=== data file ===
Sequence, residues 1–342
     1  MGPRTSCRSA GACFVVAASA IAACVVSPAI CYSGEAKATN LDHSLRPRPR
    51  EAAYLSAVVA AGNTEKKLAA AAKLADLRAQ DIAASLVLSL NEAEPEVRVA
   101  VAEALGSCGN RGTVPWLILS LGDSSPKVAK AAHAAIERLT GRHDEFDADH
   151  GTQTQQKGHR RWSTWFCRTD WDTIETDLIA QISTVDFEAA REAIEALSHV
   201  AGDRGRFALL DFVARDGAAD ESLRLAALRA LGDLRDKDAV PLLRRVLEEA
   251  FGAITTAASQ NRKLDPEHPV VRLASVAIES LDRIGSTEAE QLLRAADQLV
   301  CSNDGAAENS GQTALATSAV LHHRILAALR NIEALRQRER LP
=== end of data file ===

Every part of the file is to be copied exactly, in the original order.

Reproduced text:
Sequence, residues 1–342
     1  MGPRTSCRSA GACFVVAASA IAACVVSPAI CYSGEAKATN LDHSLRPRPR
    51  EAAYLSAVVA AGNTEKKLAA AAKLADLRAQ DIAASLVLSL NEAEPEVRVA
   101  VAEALGSCGN RGTVPWLILS LGDSSPKVAK AAHAAIERLT GRHDEFDADH
   151  GTQTQQKGHR RWSTWFCRTD WDTIETDLIA QISTVDFEAA REAIEALSHV
   201  AGDRGRFALL DFVARDGAAD ESLRLAALRA LGDLRDKDAV PLLRRVLEEA
   251  FGAITTAASQ NRKLDPEHPV VRLASVAIES LDRIGSTEAE QLLRAADQLV
   301  CSNDGAAENS GQTALATSAV LHHRILAALR NIEALRQRER LP